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Russia Develops 'Doomsday' Nuclear Torpedo Designed to Wipe Out US Coastal Cities

Russia Develops 'Doomsday' Nuclear Torpedo Designed to Wipe Out US Coastal Cities”

The Pentagon condemned the Russians for developing a "nuclear-armed, undersea autonomous torpedo".

But that weapon isn't just a work of fiction. It's actually being developed in Russian Federation, according to a new Defense Department report that assesses the arms advancements being made in other countries.

The report calls for the introduction of both "low yield nukes" on submarine-launched ballistic missiles and the reintroduction of submarine-launched cruise missiles, or SLCMs.

Buried in the plan is a mention of a mysterious Russian weapon called "Status-6". The weapon could trigger a tsunami wave of radioactive water that would blanket a coastal city.

Greg Weaver, deputy director of strategic capabilities at the Pentagon, said the United States would be willing to limit developing the missile if Russian Federation would "redress the imbalance in non-strategic nuclear forces".

This is the first time since 2010 that the United States military has outlined its perception of future nuclear threats, the BBC reported. Worse still, these new weapons could heighten the risk of conflict by feeding into a unsafe ongoing action-reaction cycle: For some time, new US conventional weapons that are faster, stealthier and/or more precise than before, combined with growing missile defense deployments, have stoked Russian fears that, in a conflict, America could wipe out its forces before they have a chance to inflict any damage.

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The executive board will also examine the presence of North Korea at the Games, their first participation in a Winter Olympics since 2010.

"Meanwhile, successive United States administrations deferred much-needed modernization of our nuclear weapons, infrastructure, and delivery systems".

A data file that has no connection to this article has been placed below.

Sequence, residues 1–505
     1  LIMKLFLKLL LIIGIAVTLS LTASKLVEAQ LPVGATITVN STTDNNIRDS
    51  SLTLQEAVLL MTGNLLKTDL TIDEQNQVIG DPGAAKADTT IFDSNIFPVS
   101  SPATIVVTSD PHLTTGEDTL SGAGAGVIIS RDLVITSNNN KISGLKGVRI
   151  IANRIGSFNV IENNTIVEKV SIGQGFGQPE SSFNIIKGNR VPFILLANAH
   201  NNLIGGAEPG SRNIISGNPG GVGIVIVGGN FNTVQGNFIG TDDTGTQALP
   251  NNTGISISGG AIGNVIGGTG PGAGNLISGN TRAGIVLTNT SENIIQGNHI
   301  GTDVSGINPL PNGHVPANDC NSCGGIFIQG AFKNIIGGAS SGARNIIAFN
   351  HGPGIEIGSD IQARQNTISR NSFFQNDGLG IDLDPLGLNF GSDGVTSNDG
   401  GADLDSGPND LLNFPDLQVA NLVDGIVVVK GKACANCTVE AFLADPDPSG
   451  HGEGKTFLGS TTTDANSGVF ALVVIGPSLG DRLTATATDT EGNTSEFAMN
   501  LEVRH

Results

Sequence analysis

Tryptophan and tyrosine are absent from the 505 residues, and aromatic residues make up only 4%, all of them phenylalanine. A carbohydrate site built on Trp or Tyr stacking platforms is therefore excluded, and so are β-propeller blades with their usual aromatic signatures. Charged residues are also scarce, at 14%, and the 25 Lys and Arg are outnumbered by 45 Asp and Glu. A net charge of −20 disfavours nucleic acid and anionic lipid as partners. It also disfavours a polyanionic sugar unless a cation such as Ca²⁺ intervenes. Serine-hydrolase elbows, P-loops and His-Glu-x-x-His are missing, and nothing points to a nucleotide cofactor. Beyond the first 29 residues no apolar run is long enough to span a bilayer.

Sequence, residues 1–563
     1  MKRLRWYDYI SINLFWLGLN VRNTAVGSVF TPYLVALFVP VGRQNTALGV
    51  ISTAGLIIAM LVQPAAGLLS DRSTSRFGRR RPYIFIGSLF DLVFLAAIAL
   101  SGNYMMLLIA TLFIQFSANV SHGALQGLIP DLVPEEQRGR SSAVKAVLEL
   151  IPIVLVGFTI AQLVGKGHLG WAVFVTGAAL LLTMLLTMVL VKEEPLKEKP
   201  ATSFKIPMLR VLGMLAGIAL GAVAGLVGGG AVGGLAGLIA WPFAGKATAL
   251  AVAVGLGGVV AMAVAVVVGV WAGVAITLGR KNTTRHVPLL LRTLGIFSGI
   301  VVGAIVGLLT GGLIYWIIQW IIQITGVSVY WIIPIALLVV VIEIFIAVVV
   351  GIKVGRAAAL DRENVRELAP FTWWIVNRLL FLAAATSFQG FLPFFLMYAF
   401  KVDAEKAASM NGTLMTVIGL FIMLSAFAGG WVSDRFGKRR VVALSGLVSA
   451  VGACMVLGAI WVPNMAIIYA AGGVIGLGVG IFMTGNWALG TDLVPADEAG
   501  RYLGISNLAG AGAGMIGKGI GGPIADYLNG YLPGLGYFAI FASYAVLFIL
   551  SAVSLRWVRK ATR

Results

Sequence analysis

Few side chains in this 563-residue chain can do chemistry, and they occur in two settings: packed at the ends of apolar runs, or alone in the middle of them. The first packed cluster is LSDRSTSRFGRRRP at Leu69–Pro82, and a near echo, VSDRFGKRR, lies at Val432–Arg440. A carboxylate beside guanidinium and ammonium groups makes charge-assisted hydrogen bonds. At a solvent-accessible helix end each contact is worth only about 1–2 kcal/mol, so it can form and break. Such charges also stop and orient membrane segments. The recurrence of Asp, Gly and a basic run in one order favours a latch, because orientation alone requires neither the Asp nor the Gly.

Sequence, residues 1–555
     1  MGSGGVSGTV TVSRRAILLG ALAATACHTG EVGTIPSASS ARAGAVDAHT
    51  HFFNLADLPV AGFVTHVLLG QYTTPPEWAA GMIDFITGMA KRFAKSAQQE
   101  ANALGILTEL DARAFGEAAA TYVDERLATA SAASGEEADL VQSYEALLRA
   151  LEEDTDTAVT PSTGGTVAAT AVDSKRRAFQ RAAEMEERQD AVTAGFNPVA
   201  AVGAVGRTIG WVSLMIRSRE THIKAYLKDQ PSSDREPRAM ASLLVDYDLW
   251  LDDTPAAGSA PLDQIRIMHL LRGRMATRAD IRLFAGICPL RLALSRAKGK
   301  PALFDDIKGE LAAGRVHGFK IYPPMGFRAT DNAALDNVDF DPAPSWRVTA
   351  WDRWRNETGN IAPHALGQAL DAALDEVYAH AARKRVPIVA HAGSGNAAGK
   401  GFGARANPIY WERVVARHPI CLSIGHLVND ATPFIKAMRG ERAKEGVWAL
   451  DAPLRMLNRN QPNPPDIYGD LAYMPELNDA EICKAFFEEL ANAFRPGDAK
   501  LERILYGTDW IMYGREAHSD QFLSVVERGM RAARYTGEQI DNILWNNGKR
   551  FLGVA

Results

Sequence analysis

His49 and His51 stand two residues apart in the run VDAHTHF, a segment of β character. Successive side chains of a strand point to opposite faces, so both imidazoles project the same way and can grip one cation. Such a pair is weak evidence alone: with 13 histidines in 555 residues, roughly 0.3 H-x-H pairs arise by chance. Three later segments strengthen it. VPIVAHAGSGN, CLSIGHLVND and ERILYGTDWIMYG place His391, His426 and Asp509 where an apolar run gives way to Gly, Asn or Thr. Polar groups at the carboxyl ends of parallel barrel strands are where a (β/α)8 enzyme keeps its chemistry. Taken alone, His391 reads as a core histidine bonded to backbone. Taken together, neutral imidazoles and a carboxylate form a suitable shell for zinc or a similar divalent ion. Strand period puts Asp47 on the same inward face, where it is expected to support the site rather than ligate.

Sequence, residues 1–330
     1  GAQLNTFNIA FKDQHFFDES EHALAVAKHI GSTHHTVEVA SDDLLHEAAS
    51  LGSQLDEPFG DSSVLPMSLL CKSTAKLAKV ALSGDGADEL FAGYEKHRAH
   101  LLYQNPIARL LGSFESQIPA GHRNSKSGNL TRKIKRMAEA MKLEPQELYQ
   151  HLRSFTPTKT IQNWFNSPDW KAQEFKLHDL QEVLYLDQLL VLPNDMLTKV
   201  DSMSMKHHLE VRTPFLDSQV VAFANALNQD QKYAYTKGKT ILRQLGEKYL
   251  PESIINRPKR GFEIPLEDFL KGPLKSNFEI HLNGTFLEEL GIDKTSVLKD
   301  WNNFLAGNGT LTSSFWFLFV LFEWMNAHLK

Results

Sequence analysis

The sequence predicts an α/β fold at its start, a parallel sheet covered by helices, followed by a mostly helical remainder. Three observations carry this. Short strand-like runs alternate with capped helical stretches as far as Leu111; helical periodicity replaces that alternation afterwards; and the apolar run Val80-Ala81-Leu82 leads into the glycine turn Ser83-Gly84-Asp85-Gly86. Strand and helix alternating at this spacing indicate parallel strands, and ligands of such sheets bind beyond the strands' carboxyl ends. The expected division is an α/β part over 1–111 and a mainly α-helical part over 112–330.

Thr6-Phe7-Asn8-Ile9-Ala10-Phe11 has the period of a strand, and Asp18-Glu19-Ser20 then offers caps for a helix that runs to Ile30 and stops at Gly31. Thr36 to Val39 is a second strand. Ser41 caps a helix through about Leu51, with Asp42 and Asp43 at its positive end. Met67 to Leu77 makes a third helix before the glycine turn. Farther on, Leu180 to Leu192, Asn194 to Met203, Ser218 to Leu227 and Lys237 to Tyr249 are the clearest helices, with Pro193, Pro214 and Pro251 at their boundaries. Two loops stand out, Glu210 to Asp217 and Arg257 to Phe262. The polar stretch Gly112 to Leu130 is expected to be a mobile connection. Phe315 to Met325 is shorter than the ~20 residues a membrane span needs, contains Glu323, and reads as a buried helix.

The US wants to build new nuclear arsenal because Russian Federation now perceives its nuclear capabilities as inadequate, officials told Reuters.

That would include nuclear attacks on non-nuclear states, in keeping with the USA refusal to establish itself as never carrying out a nuclear first strike, as well as potentially used in a sneak attack against North Korea.

China was also addressed, with American officials stating its arsenal would "prevent Beijing from mistakenly concluding" that it could gain advantage by using its nuclear weapons in Asia.

According to the 2018 US Nuclear Posture Review, published on Friday, the country will maintain and enhance the capability to deploy nuclear bombers and dual-capable aircraft around the world, and it is committed to working with North Atlantic Treaty Organisation to ensure the readiness and operational effectiveness of such aircraft based in Europe.

A risky disconnect is emerging between the horrific impacts of even the limited use of nuclear weapons and leaders and policymakers who seem intent on threatening nuclear use in an ever-expanding range of scenarios. Policies equating cyberthreats to nuclear threats, or raising the profile of nuclear weapons in our conventional defenses, undermine the credibility of nuclear deterrence by threatening use for lesser contingencies and makes nuclear use more likely.

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Rather than being a piece of a jigsaw filling in the gaps in dinosaur history, it is more like "a corner piece", said Dr Gorscak. Eric Gorscak, a postdoctoral research scientist at The Field Museum and a contributing author on the study, in a statement .

"It is important that we not let a button-measuring contest devolve into a button-pushing contest", he said.

The first since former President Barack Obama's first term, the updated Nuclear Posture Review says the USA will add weapons to its arsenal.

US President Donald Trump's administration said the US will expand its nuclear capabilities.

The plan calls for modifying existing United States warheads on submarine-launched ballistic missiles in a $50 million five-year program.

In 2016, the Pentagon had planned to spend about $100 billion from 2017 to 2022 to "sustain and modernize nuclear forces".

The United States now operates 14 Ohio-class ballistic missile submarines and will continue to take the steps needed to ensure those submarines remain operationally effective and survivable until replaced by the Columbia-class ballistic missile submarines, the NPR explains.

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Meetings between Putin and Netanyahu have "contributed greatly to the security of our country", he added. This is the original of Oscar Schindler's letter to his wife.



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